Improve Your Muay Thai Elbows Using a Wall

Making Your Elbows (Hooks & Crosses) Fast, Direct and Accurate This is a pretty simple technique and you can find a wall anywhere, so we can mark this down...

Making Your Elbows (Hooks & Crosses) Fast, Direct and Accurate

This is a pretty simple technique and you can find a wall anywhere, so we can mark this down as one of the most accessible tools there is. Basically, I have been alerted to the folly of how my arms launch away from my body when I throw strikes, which is detrimental to both power and control. Sagat is the one who really explained trajectory to me [<<watch that session to see what this philosophy of strking is about], showing how a wind-up is just wasted space, energy and time, and that strikes are best on a more abrievated path; and Chatchai Sasakul in his private with me showed me how to rotate with the appropriate minimalism for insanely controlled and powerful hooks.

above, my Sylvie’s Tips video showing how to use a wall to improve your elbows

But I’d never thought about all my wasted effort with elbows. When I watch Pi Nu throw elbows in the clinch I get all kinds of excited by how cruel and amazing they look. They seem to come out of nowhere and if you watch him from the back there is absolutely no “wind up” twisting at all, and not fanning out widely. The elbow just collapses into the face of the opponent. I saw the same economy in the elbows of Yodkhunpon as well (watch that session) – you can see the narrowness of attack in this Yodkhunpon GIF below:

So I got this idea to force my hooks and elbows to come out from my ribs the way Sagat insisted, the way Chatchai does it, and the way Karuhat showed me after making fun of my stupid, wonky right cross. I basically use the wall to corral my arms and make my strikes more direct and powerful. Remember, this is a corrective drill, designed to build awareness. These are not perfect strikes.

So, for the left hook and the left elbow that comes across, what’s called a “fahn” elbow in Thai, where it slices across rather than up or down, you want that to come out of your ribs rather than coming around with a swing. I put my left shoulder against a wall, my hip and thigh against the wall so I’m fully connected to it, and throw the elbow from there. No excessive movement at all. It looks like what Pi Nu’s elbows look like from the back. Perfect. So I used it for the hook and switched sides so the wall was on my right to straighten out my right cross and that elbow as well. I’ll do a bunch of hooks, crosses and elbows against the wall to kind of “calibrate” my form. And if you have a bit of space along the wall, you can walk forward and backward throwing the strikes so you get a feel for how to move with them. It looks a little funny, but nobody will be laughing when they feel those strikes on the pads or right in their faces. The wall is like training wheels and when you come off of it, it’s all balance and momentum, no wobble.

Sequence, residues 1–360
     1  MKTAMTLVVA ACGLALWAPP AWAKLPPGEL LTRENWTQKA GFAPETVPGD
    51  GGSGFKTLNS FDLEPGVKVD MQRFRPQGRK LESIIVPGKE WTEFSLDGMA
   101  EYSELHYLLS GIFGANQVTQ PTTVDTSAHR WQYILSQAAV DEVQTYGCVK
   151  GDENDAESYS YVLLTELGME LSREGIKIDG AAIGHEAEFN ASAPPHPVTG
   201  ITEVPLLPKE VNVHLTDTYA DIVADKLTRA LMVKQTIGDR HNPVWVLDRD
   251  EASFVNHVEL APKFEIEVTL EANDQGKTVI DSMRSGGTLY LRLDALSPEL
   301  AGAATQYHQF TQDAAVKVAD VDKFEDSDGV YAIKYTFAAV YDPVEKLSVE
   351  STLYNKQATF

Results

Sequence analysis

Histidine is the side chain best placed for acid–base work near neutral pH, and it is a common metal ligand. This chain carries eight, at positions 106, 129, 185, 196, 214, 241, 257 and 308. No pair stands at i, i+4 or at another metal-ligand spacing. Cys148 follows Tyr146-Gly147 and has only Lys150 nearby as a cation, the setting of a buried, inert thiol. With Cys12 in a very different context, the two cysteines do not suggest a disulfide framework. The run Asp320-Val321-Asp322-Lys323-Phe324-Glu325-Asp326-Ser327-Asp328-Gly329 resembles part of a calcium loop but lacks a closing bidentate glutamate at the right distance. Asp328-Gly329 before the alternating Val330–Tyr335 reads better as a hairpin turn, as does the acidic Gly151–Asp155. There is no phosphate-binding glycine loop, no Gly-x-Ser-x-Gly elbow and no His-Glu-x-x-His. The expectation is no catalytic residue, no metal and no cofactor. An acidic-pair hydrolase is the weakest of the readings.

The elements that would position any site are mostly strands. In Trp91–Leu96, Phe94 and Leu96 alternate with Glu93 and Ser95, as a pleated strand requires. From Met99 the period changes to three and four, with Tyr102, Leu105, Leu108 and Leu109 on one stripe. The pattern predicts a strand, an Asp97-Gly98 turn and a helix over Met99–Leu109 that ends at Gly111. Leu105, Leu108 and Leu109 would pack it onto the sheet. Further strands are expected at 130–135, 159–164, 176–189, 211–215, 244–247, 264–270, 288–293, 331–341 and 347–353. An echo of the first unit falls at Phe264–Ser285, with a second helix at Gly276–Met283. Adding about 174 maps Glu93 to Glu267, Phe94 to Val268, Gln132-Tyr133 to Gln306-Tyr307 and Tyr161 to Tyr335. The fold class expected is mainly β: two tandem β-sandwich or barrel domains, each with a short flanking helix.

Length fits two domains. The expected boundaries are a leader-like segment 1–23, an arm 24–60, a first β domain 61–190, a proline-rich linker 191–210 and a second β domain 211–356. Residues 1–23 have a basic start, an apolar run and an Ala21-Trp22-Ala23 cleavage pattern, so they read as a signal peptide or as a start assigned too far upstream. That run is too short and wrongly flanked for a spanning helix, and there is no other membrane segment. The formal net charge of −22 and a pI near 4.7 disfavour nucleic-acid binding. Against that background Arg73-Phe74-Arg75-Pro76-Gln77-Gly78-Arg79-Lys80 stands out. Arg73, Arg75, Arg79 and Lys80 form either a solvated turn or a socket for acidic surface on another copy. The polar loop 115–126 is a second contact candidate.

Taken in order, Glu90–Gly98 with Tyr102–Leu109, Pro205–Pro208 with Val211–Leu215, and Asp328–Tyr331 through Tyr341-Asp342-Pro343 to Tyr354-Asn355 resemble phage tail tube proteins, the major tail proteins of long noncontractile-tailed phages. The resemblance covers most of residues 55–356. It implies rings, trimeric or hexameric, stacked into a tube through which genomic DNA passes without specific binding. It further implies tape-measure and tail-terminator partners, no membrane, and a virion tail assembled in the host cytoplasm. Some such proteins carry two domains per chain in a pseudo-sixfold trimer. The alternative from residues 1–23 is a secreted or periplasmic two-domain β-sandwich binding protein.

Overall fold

This isn’t the only way to use a wall: You can use it to Improve Your Kick


An Intro to Sylvie’s Tips

You can read about the Sylvie’s Tips feature focusing on small techniques I’ve picked up here in my first post: Sylvie’s Tips – Muay Thai Tips, Techniques & Helps from Thailand

Read all my Sylvie’s Tips articles one by one here.

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A 100 lb. (46 kg) female Muay Thai fighter. Originally I trained under Kumron Vaitayanon (Master K) and Kaensak sor. Ploenjit in New Jersey. I then moved to Thailand to train and fight full time in April of 2012, devoting myself to fighting 100 Thai fights, as well as blogging full time. Having surpassed 100, and then 200, becoming the westerner with the most fights in Thailand, in history, my new goal is to fight an impossible 471 times, the historical record for the greatest number of documented professional fights (see western boxer Len Wickwar, circa 1940), and along the way to continue documenting the Muay Thai of Thailand in the Muay Thai Library project: see


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